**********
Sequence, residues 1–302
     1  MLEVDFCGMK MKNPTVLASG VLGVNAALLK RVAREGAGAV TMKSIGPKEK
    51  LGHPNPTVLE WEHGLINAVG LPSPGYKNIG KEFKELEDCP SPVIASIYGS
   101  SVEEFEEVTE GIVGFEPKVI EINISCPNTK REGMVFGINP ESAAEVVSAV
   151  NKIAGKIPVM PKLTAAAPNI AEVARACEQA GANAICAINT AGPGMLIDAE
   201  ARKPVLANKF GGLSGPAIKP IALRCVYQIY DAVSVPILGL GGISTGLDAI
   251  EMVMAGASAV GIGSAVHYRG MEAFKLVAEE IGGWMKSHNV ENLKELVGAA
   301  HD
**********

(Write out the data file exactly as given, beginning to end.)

Sequence, residues 1–302
     1  MLEVDFCGMK MKNPTVLASG VLGVNAALLK RVAREGAGAV TMKSIGPKEK
    51  LGHPNPTVLE WEHGLINAVG LPSPGYKNIG KEFKELEDCP SPVIASIYGS
   101  SVEEFEEVTE GIVGFEPKVI EINISCPNTK REGMVFGINP ESAAEVVSAV
   151  NKIAGKIPVM PKLTAAAPNI AEVARACEQA GANAICAINT AGPGMLIDAE
   201  ARKPVLANKF GGLSGPAIKP IALRCVYQIY DAVSVPILGL GGISTGLDAI
   251  EMVMAGASAV GIGSAVHYRG MEAFKLVAEE IGGWMKSHNV ENLKELVGAA
   301  HD